Editorial-No musical chair
Even as Prime Minister Madhav Kumar Nepal goes on reiterating on enhancing greater understanding among the political parties, the Council of Ministers is yet to get the full form which is the pre-condition for the government to work to its best of capacity. This situation shows a rather unfortunate standing when, despite the support of the required strength from the coalition partners, the full swing ahead has not been coming yet. There is no doubt of the greed among the supporting political parties for the so-called plum ministerial berths
that has marred the show. Even then, the rhetoric is always on getting the peace process to the desired fruition and the statute readied within the deadline. With the House business stalled, the signs are not optimistic by any standard. This raises the question as how PM Nepal will tackle the challenges that
lie across his path within the shortest possible time
to meet the deadline of the many important tasks of national importance.
Joining hands with the Nepali Congress (NC)
was a move basically to fill the vacuum after the Maoist-led government quit. It was an opportunity to prove that inactivity would not be the hallmark without the largest CA party. But, the signs are somewhat worrying. This must have made the CPN-UML initiate extensive parleys with the Maoists, knowing well that the they are not very flexible on the issue that they have raised to be the basis for letting the House run smoothly. Despite a number of such meets, there have been no signs of any progress except for the mention of "positive progress". It all hinges on certain wording in the address that PM Nepal will be delivering to the House some time soon. The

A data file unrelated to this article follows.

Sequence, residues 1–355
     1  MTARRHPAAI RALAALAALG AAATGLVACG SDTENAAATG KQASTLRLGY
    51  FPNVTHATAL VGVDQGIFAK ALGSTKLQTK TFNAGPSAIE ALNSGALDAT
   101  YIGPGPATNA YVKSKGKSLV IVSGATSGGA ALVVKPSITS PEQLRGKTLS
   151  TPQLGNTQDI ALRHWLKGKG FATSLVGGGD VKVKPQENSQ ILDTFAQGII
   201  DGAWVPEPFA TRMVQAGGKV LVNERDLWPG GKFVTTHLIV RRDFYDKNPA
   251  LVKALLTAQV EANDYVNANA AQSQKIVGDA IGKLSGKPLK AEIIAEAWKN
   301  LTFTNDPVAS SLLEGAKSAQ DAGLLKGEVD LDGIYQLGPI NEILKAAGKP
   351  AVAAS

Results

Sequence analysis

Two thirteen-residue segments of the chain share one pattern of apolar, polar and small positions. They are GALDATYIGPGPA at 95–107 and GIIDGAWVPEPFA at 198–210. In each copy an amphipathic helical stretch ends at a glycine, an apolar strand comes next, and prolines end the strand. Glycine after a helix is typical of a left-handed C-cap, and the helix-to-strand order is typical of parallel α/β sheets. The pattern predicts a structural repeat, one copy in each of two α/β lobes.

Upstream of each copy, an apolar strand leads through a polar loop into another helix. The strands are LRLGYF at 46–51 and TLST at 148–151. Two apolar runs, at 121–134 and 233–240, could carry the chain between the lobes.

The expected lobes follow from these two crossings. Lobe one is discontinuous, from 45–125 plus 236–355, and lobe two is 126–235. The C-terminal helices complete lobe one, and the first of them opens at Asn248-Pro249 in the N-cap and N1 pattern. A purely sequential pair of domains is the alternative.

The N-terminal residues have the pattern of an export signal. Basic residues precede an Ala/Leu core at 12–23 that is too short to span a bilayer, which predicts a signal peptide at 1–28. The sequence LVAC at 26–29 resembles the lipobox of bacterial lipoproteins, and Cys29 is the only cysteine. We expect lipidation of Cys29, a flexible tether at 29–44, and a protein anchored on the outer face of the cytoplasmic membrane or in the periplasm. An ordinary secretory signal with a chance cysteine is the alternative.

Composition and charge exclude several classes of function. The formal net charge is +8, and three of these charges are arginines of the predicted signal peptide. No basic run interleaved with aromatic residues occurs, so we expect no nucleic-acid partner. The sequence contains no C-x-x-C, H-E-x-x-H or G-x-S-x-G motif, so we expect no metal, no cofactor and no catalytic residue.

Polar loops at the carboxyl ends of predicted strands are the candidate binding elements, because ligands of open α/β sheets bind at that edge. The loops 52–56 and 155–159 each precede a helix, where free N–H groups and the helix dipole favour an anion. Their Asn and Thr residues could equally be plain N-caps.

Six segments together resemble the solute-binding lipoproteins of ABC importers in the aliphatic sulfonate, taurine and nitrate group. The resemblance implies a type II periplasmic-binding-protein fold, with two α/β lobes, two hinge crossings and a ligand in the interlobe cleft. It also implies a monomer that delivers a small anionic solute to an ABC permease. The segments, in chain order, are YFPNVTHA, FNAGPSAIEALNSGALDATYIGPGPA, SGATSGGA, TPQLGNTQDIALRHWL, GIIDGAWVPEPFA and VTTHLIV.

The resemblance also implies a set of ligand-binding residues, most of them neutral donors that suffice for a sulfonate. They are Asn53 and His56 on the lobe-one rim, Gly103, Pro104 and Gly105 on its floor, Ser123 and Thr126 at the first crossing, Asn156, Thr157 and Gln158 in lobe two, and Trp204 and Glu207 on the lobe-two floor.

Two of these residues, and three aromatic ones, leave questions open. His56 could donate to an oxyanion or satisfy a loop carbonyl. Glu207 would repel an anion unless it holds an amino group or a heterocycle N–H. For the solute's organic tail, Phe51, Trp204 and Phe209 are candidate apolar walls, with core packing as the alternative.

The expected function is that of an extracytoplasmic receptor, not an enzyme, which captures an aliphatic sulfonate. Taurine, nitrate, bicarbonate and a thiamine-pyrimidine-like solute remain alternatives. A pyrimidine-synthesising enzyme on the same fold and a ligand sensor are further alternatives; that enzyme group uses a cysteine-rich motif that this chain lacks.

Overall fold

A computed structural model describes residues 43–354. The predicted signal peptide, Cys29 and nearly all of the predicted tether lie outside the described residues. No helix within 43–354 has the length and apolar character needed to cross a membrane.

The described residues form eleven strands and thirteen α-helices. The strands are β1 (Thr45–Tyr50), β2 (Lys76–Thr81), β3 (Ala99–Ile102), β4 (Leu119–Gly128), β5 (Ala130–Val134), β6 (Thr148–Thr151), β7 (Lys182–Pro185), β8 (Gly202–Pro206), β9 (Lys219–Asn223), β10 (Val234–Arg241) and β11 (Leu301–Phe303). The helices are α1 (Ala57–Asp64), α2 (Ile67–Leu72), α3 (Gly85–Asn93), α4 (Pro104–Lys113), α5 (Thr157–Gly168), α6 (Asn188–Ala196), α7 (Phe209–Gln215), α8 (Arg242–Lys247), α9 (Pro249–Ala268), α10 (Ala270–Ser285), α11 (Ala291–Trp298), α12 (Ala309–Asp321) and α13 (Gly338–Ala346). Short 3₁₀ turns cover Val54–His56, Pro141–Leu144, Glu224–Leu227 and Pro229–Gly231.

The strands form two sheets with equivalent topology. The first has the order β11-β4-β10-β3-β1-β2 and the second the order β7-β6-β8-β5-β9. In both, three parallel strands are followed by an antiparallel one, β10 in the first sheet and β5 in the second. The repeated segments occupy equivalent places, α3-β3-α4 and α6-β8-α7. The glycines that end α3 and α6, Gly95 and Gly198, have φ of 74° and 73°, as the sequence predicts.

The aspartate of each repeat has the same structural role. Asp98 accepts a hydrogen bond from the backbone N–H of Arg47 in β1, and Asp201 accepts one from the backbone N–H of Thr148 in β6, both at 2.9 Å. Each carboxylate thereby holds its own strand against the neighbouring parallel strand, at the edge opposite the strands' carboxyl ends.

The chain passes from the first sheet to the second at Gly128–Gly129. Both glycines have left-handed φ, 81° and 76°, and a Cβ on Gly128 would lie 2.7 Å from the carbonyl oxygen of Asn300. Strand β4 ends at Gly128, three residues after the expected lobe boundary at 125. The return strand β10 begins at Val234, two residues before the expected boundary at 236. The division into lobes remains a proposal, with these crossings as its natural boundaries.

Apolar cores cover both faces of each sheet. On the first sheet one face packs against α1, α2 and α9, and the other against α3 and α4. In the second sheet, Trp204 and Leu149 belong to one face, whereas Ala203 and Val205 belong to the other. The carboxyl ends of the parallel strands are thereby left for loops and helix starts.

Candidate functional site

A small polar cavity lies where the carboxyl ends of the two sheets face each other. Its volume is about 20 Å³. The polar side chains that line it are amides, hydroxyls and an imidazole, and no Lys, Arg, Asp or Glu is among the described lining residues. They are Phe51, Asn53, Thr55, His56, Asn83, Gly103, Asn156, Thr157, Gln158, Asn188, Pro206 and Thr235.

insistence of the Maoists revolves on their own definition of civil supremacy rather than one which can satisfy the other political parties. The present government should not prove weak but stand its ground on issues that the Maoists want to push through at any cost to the detriment of the national interest.
It is true that national consensus is the basis
on which decisions have to be taken. Well aware of this, the Maoists are creating hurdles. In this respect, knowing very well that the rhetoric of "national
unity government" strikes the chord, the Maoists have been unrelentingly harping on this issue
which no other party can disagree upon. But, the reality is that the Maoists, as reported, have more than the national interest to serve, and it is their stated goal. The alliance parties acknowledge the pitfalls for the present government, but if they focus more on the power-sharing issues rather than on how to keep the coalition intact then the positive lining may fade away. Of course, the efforts to get the House activity resume must be given uppermost priority, but without getting the tacit green signal from the Maoists, it may not be possible. By not allowing the House meets to take place, the Maoists have only strengthened the belief that they do not want the statute to be framed within the set deadline. This is tragic when considering the fact that, besides other tasks, the constitution writing process must
receive the topmost precedence from every party shedding their petty partisan interests.